Saturday, October 25, 2014

That one time I joined a Bulgarian choir

Last year, while taking a leisurely walk through my town, I heard singing. Beautiful, powerful voices drifting out from one of the faded but stately buildings lining our central walkway.

I wondered...A choir, perhaps? If so, could I join in? I had immediately felt potential excitement welling up in my soul, and had scribbled a reminder in the tiny notebook I carried on my most leisurely of walks. I was bound and determined to find out more about the singing I'd heard that day, and began straight away my search for vocal art. One colleague, an angel of a friend, was kind enough to help me investigate. She diligently asked around about the singers, but to no avail. The mystery choir remained mysterious.

During university, I had fully intended to sign up for a choir, but was never able to fit a course into my schedule. Instead, I got my fix by performing Bohemian Rhapsody at numerous karaoke clubs. And yes, I was phenomenal on all occasions.

I'd had the fleeting hope that perhaps Bulgaria could be the place I'd get back into singing, as it was a great passion of mine in high school. I had even written about this in my original Fulbright application. What with teaching and my commitment to coaching speech and debate, though, this aim fall by the wayside. The tiny flare of possibility I'd felt during that walk disappeared after my no-such-luck inquiry, and I felt kind of bummed.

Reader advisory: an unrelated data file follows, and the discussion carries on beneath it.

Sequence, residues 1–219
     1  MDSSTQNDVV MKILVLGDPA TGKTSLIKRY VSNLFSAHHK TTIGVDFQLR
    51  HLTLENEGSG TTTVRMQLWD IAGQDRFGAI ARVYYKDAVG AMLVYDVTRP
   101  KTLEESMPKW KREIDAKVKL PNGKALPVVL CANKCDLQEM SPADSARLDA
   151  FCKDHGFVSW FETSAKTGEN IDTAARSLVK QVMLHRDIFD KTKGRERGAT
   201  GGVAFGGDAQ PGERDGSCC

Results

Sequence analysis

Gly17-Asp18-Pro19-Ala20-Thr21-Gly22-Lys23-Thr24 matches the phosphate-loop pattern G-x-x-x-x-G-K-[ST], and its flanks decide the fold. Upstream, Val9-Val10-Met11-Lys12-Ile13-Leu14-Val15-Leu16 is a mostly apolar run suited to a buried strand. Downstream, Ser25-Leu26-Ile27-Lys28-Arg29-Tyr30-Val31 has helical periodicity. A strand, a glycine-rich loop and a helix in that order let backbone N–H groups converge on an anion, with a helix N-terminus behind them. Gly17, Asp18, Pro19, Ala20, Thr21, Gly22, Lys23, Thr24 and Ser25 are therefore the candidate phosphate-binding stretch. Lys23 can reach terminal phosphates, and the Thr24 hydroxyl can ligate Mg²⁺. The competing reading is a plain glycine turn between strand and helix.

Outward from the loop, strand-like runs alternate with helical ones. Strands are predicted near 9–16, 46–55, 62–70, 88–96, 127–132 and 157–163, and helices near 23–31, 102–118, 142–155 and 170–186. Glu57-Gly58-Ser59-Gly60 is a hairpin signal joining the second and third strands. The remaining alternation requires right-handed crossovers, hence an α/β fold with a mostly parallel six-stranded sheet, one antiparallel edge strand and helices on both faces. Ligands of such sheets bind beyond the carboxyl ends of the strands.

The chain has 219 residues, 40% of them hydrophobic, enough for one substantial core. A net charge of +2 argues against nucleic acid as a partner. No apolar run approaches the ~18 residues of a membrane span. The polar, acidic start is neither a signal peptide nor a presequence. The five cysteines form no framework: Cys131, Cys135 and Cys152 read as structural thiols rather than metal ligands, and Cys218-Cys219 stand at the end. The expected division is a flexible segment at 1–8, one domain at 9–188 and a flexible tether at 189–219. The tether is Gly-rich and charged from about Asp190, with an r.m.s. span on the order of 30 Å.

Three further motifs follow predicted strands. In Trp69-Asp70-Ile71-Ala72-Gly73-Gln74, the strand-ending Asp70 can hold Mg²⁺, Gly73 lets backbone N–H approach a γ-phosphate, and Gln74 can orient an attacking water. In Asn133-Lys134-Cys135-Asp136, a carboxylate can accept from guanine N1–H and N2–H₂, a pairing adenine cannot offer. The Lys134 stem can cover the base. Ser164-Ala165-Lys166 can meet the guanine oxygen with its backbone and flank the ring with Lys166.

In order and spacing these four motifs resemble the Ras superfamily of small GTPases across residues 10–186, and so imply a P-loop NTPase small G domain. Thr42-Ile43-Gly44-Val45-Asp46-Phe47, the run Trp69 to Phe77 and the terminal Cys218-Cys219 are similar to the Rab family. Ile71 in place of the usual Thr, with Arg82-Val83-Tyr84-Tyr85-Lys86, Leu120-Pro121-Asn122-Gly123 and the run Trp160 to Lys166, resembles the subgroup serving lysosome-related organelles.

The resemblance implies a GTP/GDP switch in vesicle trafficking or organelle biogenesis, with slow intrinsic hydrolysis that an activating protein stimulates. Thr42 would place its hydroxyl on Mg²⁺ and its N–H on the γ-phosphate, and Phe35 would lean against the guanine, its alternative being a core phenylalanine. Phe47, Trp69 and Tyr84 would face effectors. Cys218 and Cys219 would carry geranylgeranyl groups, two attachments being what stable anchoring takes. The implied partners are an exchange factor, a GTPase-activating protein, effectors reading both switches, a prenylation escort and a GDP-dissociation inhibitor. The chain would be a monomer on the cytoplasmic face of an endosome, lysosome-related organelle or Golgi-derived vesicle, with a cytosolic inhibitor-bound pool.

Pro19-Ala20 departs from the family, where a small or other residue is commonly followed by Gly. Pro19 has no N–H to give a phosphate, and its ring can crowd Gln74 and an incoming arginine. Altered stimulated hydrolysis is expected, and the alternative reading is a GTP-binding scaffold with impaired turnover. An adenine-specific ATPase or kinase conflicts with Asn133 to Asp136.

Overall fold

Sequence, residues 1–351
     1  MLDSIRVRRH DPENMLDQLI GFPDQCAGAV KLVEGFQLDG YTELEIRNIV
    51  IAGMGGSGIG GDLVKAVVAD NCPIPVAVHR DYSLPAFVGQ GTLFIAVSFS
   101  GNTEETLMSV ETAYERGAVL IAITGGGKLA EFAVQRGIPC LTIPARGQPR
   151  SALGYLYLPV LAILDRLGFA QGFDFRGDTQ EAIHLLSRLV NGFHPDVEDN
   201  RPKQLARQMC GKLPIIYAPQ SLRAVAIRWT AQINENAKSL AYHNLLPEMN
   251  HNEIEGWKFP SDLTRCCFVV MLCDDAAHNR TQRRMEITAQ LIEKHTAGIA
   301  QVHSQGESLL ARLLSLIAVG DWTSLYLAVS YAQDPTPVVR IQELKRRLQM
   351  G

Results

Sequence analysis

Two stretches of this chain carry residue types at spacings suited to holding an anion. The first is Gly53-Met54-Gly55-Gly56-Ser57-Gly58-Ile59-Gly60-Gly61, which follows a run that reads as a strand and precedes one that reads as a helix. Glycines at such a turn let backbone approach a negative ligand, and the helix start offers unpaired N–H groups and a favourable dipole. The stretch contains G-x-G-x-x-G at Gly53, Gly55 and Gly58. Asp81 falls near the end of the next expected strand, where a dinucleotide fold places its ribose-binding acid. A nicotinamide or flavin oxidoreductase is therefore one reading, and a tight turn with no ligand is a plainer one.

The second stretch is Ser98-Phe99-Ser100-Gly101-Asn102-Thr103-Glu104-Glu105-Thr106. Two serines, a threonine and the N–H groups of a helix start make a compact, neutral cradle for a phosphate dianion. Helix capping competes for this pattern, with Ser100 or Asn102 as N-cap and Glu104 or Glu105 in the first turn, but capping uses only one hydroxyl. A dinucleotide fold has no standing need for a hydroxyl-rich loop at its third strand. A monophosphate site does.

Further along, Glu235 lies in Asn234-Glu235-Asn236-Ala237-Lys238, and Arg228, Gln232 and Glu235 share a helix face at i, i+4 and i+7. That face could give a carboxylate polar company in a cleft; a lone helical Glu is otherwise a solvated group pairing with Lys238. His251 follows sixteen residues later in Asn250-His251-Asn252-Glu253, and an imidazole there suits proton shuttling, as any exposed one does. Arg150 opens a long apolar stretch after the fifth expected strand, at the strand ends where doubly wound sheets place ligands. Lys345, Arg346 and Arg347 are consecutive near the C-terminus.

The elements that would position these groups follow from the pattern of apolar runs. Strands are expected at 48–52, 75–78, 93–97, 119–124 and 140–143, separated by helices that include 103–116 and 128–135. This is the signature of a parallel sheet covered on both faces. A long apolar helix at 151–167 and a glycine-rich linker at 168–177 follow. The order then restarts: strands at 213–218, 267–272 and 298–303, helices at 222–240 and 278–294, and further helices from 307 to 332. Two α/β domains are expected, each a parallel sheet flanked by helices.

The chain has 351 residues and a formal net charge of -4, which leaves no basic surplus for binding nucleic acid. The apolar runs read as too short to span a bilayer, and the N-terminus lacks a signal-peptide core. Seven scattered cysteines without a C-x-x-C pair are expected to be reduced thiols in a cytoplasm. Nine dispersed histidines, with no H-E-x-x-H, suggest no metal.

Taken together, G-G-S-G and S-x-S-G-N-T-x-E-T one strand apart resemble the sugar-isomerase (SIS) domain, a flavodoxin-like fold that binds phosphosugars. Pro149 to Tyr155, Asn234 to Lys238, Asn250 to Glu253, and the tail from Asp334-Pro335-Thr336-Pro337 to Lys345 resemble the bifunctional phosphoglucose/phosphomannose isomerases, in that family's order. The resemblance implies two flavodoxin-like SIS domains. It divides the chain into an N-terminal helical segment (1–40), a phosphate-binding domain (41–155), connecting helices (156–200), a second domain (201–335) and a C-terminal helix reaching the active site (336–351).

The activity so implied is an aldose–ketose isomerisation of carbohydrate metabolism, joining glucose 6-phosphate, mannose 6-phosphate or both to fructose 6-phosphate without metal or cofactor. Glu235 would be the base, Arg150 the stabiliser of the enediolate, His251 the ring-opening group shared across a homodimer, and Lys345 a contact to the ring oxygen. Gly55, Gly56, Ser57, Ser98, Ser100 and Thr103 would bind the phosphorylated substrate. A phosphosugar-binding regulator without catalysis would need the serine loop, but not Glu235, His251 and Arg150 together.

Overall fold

Timing is everything though, right? This past Monday, that same helpful friend called me over in the teacher's room and shared that the new math teacher was a member of the town choir. THE CHOIR! IT EXISTS! Our new colleague invited me to attend practice the next day, and I felt ecstatic to say the least. One might even say my hopes were beginning to...crescendo...

So, I recently attended my first choir practice in five years. Before arriving, I hadn't really given details much thought. I love to sing, and I can read music. I love the Bulgarian vocal tradition, and I am now able to read cyrillic. Not much else to it, right?

Oh, Sarah.

Readers, do YOU know the word for choir in Bulgarian? I certainly didn't. Nor did I realize I didn't know this most vital of words until I found myself in the building that housed the choir practice room.

I arrived on practice day and quickly felt panic set in. I tapped a lady on the shoulder.

"Ummm...Izvenete? Kude e....ah...lalalalala?"

Excuse me. Where is....lalalala? These are the great communication skills I presented to a total stranger. Sorry, lady. Lady was helpful, though, and ushered me into the choir room, a small space with two tiers of metal chairs and a well-worn piano. And lots of microphones.